This something that I was interested in writing about for a while now but I’ve always put it on the back burner. I was debating on writing about this or the Jamaica-Japan relations/culture. But after asking around, everyone preferred to hear about this first.
B-gyaru is a smaller aspect of B-kei culture (B系). It mixes elements of gyaru with B-kei fashion. Many people, even in Japan have discussed the meaning of the ‘B’. While some claim it stands for ‘Black’, it actually means Break or Beats. Though it has become synonymous with Black now. It is mostly based on hip-hop culture in America. Many of members of the subculture look towards hip-hop videos for inspiration. B-kei is synonymous with Japanese hip-hop fashion nowadays. As such it’s not uncommon to see women sporting extension and braids. In fact there’s an official school to learn hair braiding in Japan and back in the day there was a black hair magazine in Japan.
Now B-gyaru is a term used among Western gyaru, however it’s not one I have seen used in the Japanese searches. It was definitely much easier to find information through B-kei and B-Girl. Some popular B-kei magazines are WOOFIN’, WOOFIN’ Girl (now defunct), Ollie, 411, LUIRE (now defunct), DanStreet (for kids). As well as imported magazines from America. One quick search can tell you that the women centric magazines have go under while the men centric magazines are around.
However this doesn’t mean that the style has died out. On the contrary there are many brands for B-girls that we’ll look at below. These magazines include Baby Shoop, LB-03, ANAP (and ANAP Latina, ANAP USA, ANAP Girls), JUICY SOUL, Cheer, 24Karats. As well as many smaller import brands. I think it’s important to note that a lot of the clothes are sold for dancers kind of tying back into ‘B = break/beats”.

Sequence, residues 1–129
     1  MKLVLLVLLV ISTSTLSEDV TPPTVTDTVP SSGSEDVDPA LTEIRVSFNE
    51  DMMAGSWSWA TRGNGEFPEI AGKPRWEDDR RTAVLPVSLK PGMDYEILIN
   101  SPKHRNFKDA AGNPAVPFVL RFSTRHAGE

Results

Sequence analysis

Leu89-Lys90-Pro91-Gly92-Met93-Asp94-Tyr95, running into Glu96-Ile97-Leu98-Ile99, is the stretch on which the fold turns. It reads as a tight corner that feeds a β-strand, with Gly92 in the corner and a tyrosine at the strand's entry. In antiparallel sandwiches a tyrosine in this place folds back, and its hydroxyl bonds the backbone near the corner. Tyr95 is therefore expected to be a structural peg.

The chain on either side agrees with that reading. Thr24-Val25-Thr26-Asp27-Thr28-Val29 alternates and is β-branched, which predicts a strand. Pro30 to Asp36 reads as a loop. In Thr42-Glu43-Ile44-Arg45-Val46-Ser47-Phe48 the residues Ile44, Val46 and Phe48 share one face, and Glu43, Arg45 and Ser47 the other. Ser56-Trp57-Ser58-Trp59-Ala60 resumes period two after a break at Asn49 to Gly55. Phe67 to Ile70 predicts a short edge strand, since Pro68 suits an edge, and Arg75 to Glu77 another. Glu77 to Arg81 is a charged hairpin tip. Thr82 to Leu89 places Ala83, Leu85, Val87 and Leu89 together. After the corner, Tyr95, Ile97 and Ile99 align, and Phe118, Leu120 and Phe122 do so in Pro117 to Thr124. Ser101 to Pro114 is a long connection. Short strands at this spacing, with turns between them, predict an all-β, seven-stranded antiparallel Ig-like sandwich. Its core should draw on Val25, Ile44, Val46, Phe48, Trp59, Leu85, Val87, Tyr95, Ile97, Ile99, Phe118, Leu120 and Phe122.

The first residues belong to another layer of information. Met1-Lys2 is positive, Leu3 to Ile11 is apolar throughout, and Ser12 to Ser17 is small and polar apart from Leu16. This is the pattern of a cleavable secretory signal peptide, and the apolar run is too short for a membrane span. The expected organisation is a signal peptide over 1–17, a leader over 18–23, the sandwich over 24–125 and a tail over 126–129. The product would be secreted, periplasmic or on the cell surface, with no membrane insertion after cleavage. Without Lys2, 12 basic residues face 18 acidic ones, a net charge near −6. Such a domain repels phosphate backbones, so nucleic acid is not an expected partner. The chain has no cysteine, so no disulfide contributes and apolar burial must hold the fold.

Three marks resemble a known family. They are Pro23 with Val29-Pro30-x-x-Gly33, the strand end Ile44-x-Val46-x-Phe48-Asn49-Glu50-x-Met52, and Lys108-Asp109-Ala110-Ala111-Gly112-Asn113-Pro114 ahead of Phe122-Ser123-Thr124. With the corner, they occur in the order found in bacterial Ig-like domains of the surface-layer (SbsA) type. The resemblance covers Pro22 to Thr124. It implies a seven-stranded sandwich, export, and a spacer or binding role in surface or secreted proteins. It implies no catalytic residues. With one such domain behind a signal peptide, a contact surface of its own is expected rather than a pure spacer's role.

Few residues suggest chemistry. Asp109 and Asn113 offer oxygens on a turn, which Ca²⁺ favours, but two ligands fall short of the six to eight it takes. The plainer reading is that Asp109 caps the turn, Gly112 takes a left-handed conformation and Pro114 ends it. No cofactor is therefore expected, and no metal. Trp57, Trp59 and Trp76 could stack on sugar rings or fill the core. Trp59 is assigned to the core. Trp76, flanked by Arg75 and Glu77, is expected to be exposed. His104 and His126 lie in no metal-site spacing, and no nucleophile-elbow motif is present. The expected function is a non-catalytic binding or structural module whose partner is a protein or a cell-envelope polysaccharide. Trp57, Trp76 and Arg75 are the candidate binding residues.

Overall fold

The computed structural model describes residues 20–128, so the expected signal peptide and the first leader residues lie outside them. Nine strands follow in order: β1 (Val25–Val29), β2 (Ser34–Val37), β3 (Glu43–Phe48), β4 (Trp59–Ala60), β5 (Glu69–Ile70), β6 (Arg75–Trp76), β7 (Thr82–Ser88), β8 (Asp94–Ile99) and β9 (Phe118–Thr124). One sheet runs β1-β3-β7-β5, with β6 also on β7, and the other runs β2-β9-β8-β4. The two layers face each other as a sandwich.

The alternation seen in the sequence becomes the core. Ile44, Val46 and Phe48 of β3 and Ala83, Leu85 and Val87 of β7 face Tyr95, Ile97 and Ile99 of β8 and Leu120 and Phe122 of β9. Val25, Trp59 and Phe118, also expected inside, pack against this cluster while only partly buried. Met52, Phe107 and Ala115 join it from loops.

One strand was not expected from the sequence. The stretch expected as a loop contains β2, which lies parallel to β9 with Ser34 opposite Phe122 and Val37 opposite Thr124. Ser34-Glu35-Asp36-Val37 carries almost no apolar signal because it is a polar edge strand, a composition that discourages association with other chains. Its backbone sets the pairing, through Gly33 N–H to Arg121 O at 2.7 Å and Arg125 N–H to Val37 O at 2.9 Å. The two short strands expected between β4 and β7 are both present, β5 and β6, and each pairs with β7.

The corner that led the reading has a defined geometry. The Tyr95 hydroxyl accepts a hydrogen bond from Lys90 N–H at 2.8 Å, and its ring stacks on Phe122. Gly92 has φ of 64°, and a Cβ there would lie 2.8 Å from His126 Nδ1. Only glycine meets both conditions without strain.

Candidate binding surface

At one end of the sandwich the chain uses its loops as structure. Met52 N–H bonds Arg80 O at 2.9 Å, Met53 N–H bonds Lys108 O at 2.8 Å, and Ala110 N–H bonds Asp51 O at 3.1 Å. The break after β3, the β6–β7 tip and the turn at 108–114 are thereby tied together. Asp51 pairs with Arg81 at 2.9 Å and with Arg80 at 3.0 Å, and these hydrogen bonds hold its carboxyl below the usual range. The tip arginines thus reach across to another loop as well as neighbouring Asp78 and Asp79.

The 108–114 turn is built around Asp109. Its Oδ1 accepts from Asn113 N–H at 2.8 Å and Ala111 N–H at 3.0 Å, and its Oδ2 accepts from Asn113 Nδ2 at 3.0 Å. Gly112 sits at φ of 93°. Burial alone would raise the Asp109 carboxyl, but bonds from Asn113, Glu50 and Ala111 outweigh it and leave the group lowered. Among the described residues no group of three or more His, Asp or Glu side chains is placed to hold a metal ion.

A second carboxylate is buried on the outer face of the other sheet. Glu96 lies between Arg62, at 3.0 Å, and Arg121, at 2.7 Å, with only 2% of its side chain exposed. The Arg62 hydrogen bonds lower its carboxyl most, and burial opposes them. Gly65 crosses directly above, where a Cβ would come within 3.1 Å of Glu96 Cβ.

With B-girls, the vampy, sexy look is very popular, though that’s not to say that’s the only way to do the style. Many of their icons in the west include Nicki Minaj, Rihanna, Ciara, Beyonce, Jennifer Lopez. At the height of J-urban music style icons included AI, Namie Amuro, Koda Kumi and to a lesser extent, Crystal Kay. Nowadays some artists that still follow this style are MARIN CREAM’s Minami, Jasmine as well as dancer CHIE and Baby Shoop model, Yumio.
Many B-girls turn to American celebs and models for their inspiration as there really is no go to magazine for them anymore. As I browsed the web pages, I have to say I feel a type of way. Most people’s first hand experience with B-kei is with the Youtube video on ‘Black Lifestyle’. Now I’m not here to defend it because I’m sure there’s some followers of the style who believe being Black is something you can become. However these people are a small part of the subculture and do no represent everyone who feels an affinity for the style.
Many of the brands and magazines feature black and Black-Asian mixed models, there’s no feeling of swagga-jacking to me personally. Many of the lovers of the fashion also make their way to NY and LA for the experience. I guess I’m saying there’s many types of people to make a subculture, the misguided and the ones who know better.
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